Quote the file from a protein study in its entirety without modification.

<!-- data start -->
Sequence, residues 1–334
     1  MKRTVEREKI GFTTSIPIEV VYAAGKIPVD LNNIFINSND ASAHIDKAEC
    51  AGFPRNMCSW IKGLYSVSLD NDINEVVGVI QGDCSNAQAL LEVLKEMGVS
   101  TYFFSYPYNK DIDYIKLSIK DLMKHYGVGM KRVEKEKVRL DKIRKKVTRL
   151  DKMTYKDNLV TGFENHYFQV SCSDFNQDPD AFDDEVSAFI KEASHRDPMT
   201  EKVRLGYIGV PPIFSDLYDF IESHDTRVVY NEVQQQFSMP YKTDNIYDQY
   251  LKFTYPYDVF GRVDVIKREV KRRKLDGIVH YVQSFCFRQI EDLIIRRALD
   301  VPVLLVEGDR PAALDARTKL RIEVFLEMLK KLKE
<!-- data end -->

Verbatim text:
Sequence, residues 1–334
     1  MKRTVEREKI GFTTSIPIEV VYAAGKIPVD LNNIFINSND ASAHIDKAEC
    51  AGFPRNMCSW IKGLYSVSLD NDINEVVGVI QGDCSNAQAL LEVLKEMGVS
   101  TYFFSYPYNK DIDYIKLSIK DLMKHYGVGM KRVEKEKVRL DKIRKKVTRL
   151  DKMTYKDNLV TGFENHYFQV SCSDFNQDPD AFDDEVSAFI KEASHRDPMT
   201  EKVRLGYIGV PPIFSDLYDF IESHDTRVVY NEVQQQFSMP YKTDNIYDQY
   251  LKFTYPYDVF GRVDVIKREV KRRKLDGIVH YVQSFCFRQI EDLIIRRALD
   301  VPVLLVEGDR PAALDARTKL RIEVFLEMLK KLKE